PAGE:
Faiza Iqbal

Faiza Iqbal

A law graduate from King's College, London Nottingham Law School. Having worked at Mandviwalla & Zafar as an Associate, she now writes freelance articles and is trying to qualify as a barrister in Canada.

Dear Son, I will not put you on a high pedestal just because you are a boy

Dear Son, You are at a very tender age where everything seems new and exciting, but you will grow up in a very confusing and chaotic world. This letter aims to steer you through the tough times which will leave you perplexed and make you appreciate the times that will take your breath away. Firstly, I refuse to mollycoddle you and put you up on a high pedestal just because you are a boy. Our culture dictates that I should let you run riot and behave incomprehensibly just because, “You are a boy and that’s what boys do.” Well, not in my house. You will not ...

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British on paper and not a Saudi, so am I a Pakistani?

I don’t know what I am, who I am or where I come from. I have been shrouded by such confusion throughout my existence. On paper, I am a British citizen and I hold the customary red passport which confirms this to be the case… but I wasn’t even born in England! I have absolutely no cultural or ancestral links to Britain, whatsoever. My own birthplace was Saudi Arabia, a nation that has vociferously denied me any citizenship rights because I am not an indigenous Saudi by birth. My father was posted there as a surgeon and, once he retired, he ...

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My experience as a blogger for The Express Tribune’s blogs page

Today is The Express Tribune’s five year anniversary and while it is a jubilant moment for the whole publication, it is one that is also tinged with reflection.  The publication started as the first Pakistani newspaper which, partnered with the International Herald Tribune initially and the International New York Times now, offered a mix of domestic and global news to the masses. It provided a different perspective by allowing blogs from ordinary individuals on its website, opening up a whole different field of “online” or “citizen” journalism. Additionally, Express Tribune has greatly utilised social media like Twitter and Facebook to spread the news and this ...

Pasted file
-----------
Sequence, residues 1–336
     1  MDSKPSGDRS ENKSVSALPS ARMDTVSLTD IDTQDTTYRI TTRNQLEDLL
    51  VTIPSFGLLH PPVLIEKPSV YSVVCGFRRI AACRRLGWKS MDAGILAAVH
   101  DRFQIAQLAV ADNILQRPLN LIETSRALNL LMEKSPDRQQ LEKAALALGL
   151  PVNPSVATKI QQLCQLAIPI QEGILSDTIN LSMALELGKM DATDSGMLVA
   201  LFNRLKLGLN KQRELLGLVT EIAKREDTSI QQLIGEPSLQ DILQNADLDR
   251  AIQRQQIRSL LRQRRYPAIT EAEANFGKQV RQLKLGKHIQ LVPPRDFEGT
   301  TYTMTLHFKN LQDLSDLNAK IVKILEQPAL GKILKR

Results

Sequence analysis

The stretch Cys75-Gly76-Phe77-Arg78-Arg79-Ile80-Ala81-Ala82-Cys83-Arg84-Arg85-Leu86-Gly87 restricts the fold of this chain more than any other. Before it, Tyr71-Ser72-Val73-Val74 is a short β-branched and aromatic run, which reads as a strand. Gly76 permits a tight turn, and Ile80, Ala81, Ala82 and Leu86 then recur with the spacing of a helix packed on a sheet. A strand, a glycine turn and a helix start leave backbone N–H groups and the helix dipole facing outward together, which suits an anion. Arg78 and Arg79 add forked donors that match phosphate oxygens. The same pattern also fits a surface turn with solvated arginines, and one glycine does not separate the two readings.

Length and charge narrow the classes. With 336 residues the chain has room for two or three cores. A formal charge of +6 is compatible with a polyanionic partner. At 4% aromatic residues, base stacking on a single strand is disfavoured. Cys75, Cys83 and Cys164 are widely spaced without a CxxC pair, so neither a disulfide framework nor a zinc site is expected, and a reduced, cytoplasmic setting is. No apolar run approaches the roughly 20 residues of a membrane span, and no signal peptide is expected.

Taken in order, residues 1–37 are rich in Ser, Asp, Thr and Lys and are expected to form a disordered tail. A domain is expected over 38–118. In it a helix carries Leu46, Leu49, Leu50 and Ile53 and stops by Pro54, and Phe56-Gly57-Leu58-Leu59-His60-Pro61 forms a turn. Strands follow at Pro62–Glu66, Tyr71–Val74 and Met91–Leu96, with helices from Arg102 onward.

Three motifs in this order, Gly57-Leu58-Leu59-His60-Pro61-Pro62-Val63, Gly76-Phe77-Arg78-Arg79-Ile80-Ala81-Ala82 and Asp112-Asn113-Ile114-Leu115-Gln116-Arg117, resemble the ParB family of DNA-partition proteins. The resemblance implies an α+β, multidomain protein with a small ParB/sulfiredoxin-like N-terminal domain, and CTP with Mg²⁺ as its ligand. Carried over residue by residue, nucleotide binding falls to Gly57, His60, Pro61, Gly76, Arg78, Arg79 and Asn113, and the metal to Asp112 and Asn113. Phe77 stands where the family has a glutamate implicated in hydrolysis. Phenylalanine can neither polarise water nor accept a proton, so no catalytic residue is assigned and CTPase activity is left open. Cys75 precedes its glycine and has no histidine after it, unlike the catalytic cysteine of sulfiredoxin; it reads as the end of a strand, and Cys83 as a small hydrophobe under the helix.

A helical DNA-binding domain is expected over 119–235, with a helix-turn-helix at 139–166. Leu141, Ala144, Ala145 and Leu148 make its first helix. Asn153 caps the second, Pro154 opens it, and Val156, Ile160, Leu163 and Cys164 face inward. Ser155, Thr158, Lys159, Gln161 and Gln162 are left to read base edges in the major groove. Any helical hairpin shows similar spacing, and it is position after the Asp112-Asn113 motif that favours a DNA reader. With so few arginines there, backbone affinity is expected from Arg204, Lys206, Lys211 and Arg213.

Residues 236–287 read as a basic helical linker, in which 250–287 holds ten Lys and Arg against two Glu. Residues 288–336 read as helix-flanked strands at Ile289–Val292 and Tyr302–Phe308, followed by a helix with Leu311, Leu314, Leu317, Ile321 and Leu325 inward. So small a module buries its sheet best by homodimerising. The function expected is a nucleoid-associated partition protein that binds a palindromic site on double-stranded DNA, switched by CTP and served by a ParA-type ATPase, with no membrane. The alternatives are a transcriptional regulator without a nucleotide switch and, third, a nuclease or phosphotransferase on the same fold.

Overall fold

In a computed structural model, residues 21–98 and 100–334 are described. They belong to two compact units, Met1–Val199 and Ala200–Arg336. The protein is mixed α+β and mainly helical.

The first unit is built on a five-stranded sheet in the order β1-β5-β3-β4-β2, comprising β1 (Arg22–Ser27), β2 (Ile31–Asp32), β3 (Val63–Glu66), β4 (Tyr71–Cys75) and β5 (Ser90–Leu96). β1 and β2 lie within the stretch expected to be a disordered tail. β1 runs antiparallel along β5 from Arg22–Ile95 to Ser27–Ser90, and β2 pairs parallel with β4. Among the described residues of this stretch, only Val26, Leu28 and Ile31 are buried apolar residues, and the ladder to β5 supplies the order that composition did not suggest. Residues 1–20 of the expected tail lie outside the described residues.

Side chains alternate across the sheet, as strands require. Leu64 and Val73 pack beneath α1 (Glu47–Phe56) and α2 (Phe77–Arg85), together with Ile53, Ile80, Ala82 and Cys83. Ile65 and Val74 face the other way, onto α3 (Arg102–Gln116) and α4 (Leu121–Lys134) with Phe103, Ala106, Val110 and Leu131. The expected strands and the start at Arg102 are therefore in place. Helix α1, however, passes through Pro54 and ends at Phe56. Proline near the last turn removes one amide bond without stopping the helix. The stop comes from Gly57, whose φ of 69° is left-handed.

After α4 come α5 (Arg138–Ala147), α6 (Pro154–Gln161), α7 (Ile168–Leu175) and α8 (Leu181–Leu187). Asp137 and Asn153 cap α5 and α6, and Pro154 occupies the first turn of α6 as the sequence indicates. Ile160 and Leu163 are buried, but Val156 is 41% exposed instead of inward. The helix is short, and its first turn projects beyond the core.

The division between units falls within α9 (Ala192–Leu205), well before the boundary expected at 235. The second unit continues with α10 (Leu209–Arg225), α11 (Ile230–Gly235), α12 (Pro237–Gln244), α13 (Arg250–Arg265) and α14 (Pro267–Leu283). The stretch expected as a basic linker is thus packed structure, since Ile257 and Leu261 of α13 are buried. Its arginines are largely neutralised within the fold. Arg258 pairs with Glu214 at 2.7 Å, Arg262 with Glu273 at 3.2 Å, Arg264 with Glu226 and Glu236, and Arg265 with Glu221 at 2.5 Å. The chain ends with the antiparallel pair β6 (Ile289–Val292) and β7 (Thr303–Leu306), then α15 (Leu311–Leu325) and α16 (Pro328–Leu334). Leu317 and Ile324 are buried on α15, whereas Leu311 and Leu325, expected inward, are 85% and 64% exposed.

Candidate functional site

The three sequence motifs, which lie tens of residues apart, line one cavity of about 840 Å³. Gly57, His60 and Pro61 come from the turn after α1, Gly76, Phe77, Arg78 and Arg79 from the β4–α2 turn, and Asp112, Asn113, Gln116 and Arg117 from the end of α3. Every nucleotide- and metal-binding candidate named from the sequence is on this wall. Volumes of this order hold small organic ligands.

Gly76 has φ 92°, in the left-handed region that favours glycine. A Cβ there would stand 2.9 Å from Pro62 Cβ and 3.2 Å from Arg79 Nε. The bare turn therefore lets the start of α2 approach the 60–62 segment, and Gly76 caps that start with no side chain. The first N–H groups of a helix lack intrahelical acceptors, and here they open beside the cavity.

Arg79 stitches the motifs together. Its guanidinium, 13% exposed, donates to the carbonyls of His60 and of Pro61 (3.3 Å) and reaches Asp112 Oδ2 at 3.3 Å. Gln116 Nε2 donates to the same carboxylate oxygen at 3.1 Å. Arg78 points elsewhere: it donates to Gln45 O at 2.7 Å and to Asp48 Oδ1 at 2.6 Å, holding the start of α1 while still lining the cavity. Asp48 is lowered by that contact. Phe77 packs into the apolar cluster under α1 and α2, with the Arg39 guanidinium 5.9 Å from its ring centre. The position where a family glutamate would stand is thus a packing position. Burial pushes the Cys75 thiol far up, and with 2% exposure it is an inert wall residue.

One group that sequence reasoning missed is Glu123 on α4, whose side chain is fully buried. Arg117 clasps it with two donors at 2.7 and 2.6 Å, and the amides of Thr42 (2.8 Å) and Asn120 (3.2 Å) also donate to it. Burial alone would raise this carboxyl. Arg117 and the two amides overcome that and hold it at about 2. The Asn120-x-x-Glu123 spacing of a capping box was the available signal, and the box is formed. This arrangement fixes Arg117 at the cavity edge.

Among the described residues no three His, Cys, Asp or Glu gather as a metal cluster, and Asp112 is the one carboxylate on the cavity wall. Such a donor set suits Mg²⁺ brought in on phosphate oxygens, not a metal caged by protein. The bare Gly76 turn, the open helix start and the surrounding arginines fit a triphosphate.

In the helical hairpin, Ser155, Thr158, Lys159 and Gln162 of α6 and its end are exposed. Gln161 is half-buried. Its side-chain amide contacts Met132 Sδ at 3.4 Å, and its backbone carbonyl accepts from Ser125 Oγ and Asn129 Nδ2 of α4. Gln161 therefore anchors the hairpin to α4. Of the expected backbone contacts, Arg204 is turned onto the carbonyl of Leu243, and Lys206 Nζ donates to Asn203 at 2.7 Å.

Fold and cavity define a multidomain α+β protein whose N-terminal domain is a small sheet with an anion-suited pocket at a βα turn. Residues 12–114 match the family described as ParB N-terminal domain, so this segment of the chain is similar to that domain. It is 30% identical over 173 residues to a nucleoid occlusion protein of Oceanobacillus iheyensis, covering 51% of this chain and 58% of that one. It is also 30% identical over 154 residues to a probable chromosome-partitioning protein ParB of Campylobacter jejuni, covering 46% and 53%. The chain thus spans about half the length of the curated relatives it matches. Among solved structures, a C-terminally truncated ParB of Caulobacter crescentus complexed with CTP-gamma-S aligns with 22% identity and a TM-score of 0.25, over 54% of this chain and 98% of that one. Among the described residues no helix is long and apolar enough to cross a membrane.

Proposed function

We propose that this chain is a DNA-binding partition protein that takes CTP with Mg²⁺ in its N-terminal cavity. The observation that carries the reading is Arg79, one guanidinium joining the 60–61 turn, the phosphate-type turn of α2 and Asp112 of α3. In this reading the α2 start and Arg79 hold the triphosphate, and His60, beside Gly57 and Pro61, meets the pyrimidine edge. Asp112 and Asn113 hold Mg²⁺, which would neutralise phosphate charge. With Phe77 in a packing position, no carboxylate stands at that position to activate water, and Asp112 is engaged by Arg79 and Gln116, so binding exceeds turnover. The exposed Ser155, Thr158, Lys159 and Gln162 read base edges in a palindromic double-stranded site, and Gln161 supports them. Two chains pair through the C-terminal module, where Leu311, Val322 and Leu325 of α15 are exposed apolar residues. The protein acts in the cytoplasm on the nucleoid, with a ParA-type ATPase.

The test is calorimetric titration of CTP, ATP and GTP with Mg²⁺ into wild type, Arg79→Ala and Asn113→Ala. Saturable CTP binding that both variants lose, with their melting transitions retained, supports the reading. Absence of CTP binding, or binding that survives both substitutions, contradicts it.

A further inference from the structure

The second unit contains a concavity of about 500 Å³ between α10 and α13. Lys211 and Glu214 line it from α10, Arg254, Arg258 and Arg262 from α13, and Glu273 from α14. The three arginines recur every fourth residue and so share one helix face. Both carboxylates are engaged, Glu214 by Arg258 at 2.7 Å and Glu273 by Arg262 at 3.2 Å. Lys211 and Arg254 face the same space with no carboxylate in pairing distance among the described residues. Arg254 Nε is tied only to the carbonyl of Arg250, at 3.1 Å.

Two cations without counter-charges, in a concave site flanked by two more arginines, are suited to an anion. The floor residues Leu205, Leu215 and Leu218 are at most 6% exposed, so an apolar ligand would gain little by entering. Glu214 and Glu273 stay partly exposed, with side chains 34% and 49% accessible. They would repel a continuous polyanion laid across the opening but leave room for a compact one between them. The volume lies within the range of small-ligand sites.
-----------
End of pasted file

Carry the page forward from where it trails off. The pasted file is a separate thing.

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Falling for glittery dreams

His mother was his fulcrum. The centre point upon which his whole life balanced, precariously. His mother had never had an easy day in her life. Ravaged by poverty from a young age, she was bestowed in marriage to a man who was 20 years her senior.  Her main purpose in life was to be an avenue for procreation and to remain devoutly obedient to her husband; that was the way life was lived in these regions. If she had no choice in who she married, she could mould her children in any manner she pleased. Instead of being harsh on them, she chose to ...

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Rupi Kaur: Staining a woman’s modesty on Instagram?

This week has seen Instagram caught in a furore about its decision to remove a controversial photograph of a woman, Rupi Kaur, who was lying on a bed fully clothed except for a bloodstain which showed on her pyjamas, indicating that she was menstruating. The girl involved in this fiasco is a self-proclaimed Canadian poet who took great offence to Instagram’s decision to remove the picture stating that she “bleeds every month to help make humankind a possibility”. She posted the picture again only for it to be deleted again but by then the picture had gone viral. In order ...